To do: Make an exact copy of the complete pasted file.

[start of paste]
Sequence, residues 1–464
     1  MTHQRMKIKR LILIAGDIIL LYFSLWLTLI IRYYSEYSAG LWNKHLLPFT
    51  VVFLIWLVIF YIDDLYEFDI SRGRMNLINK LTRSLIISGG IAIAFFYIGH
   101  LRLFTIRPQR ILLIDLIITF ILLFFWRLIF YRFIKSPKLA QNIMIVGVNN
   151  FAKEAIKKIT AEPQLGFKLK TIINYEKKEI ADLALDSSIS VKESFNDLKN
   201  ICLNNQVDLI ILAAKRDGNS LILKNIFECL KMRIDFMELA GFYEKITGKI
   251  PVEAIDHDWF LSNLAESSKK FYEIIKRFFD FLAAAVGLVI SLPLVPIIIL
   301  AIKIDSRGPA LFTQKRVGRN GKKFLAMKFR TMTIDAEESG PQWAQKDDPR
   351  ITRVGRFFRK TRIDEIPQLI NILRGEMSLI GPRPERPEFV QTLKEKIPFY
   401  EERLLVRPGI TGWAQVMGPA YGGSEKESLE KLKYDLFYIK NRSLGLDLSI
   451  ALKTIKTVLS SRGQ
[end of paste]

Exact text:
Sequence, residues 1–464
     1  MTHQRMKIKR LILIAGDIIL LYFSLWLTLI IRYYSEYSAG LWNKHLLPFT
    51  VVFLIWLVIF YIDDLYEFDI SRGRMNLINK LTRSLIISGG IAIAFFYIGH
   101  LRLFTIRPQR ILLIDLIITF ILLFFWRLIF YRFIKSPKLA QNIMIVGVNN
   151  FAKEAIKKIT AEPQLGFKLK TIINYEKKEI ADLALDSSIS VKESFNDLKN
   201  ICLNNQVDLI ILAAKRDGNS LILKNIFECL KMRIDFMELA GFYEKITGKI
   251  PVEAIDHDWF LSNLAESSKK FYEIIKRFFD FLAAAVGLVI SLPLVPIIIL
   301  AIKIDSRGPA LFTQKRVGRN GKKFLAMKFR TMTIDAEESG PQWAQKDDPR
   351  ITRVGRFFRK TRIDEIPQLI NILRGEMSLI GPRPERPEFV QTLKEKIPFY
   401  EERLLVRPGI TGWAQVMGPA YGGSEKESLE KLKYDLFYIK NRSLGLDLSI
   451  ALKTIKTVLS SRGQ